Effects of researcher follow-up of distressed subjects: Tradeoff between validity and ethical responsibility?
David Bourget (Western Ontario)
David Chalmers (ANU, NYU)
Rafael De Clercq
Jack Alan Reynolds
Learn more about PhilPapers
Ethics and Behavior 1 (2):105 – 112 (1991)
Researchers studying depression often encounter research participants in serious preexisting distress. Examining investigators' ethical responsibilities to these subjects, Stanton and New (1988) found that depression researchers reported actions that ranged from doing nothing to contacting both the distressed subject and a significant other. By experimentally manipulating consent form information regarding potential treatment referral, we examined whether subjects (n = 357) adjusted their responses on depression measures as a function of the level of follow-up they expected to receive. Results reveal that subjects who potentially could receive the most intrusive intervention (i.e., experimenter contact with the subject and a significant other) were less likely to report depressive symptoms than were subjects who anticipated less intrusive follow-up. Willingness to report depressive symptoms in particular conditions varied in part as a function of subject sex. Thus, ethical safeguards used in studies with subjects in preexisting distress may have consequences for the validity of self-report depression measures.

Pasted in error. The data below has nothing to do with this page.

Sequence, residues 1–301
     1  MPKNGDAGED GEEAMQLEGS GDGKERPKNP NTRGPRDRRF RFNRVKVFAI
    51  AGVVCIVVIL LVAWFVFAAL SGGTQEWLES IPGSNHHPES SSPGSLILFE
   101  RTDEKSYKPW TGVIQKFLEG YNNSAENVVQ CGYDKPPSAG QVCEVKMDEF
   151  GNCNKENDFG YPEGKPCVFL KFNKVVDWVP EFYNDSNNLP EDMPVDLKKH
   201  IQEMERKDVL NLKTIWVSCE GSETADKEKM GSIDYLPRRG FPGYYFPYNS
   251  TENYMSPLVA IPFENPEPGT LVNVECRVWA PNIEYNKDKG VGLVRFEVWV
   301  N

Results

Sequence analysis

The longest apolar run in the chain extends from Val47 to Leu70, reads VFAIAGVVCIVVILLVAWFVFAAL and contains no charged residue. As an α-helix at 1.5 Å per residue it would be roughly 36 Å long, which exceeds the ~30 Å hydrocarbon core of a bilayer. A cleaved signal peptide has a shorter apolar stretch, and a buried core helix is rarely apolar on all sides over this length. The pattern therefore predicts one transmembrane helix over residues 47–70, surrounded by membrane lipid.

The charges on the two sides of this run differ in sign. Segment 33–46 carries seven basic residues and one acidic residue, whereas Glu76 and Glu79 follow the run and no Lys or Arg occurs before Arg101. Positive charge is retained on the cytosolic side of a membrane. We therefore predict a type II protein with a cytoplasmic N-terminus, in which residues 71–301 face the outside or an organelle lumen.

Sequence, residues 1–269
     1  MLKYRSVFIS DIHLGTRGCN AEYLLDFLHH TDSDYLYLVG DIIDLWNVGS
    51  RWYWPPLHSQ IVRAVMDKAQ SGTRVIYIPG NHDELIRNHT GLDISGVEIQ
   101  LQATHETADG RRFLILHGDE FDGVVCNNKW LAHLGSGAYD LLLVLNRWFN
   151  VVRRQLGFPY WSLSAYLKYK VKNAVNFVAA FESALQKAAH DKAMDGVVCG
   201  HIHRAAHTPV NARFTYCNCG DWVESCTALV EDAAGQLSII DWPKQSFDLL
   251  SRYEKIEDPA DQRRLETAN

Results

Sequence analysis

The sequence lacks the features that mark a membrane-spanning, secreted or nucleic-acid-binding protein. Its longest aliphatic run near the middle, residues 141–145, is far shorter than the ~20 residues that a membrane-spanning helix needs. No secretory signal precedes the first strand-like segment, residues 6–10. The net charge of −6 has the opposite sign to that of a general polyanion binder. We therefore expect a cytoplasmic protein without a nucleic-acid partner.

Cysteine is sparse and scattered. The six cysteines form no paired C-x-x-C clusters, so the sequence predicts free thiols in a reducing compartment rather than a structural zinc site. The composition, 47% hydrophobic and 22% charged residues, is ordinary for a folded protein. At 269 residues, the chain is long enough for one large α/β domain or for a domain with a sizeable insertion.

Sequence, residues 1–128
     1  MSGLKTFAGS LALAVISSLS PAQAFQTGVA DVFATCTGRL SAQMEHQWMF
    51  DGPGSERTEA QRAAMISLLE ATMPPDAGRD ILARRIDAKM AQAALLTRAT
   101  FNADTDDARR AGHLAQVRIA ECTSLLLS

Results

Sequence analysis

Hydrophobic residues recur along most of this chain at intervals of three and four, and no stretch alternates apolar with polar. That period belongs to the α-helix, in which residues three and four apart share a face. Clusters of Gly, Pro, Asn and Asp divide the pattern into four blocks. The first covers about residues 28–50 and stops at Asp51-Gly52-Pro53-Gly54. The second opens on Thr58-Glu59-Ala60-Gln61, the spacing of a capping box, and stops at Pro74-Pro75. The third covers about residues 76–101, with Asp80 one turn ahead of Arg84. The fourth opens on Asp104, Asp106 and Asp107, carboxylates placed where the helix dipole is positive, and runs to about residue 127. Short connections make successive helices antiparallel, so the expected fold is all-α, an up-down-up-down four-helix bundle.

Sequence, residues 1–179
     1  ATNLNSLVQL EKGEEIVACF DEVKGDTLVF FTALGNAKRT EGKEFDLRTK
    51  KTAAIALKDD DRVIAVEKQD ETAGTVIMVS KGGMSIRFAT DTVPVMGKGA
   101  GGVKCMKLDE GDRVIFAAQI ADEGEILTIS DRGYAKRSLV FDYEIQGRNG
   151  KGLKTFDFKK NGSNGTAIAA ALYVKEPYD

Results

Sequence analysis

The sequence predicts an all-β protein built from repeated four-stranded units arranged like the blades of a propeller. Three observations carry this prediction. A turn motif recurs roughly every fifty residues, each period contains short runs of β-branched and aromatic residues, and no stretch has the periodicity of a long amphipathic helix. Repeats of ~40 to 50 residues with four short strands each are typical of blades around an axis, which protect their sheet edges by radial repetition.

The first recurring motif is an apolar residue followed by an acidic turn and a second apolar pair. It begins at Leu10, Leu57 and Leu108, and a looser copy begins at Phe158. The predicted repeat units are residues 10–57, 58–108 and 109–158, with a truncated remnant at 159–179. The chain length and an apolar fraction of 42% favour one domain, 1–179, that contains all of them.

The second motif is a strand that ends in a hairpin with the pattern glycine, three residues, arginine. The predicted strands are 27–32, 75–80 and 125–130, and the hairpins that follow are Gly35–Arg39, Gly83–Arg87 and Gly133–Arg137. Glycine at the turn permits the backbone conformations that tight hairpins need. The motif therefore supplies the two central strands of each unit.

|Keywords||No keywords specified (fix it)|
|Categories||categorize this paper)|
Setup an account with your affiliations in order to access resources via your University's proxy server
Configure custom proxy (use this if your affiliation does not provide a proxy)
|Through your library|
References found in this work BETA
No references found.
Citations of this work BETA
No citations found.
Similar books and articles
Peter J. Taylor (1994). Shifting Frames: From Divided to Distributed Psychologies of Scientific Agents. PSA: Proceedings of the Biennial Meeting of the Philosophy of Science Association 1994:304 - 310.
H. E. Baber (1987). How Bad Is Rape? Hypatia 2 (2):125 - 138.
P. X. Monaghan (2010). A Novel Interpretation of Plato's Theory of Forms. Metaphysica 11 (1):63-78.
J. L. Schellenberg (2005). The Hiddenness Argument Revisited (II). Religious Studies 41 (3):287 - 303.
Dale Hample, Bing Han & David Payne (2010). The Aggressiveness of Playful Arguments. Argumentation 24 (4):405-421.
H. M. Malm (1989). Commodification or Compensation: A Reply to Ketchum. Hypatia 4 (3):128 - 135.
Added to index2009-01-28
Total downloads2 ( #348,772 of 1,101,142 )
Recent downloads (6 months)1 ( #290,630 of 1,101,142 )
How can I increase my downloads?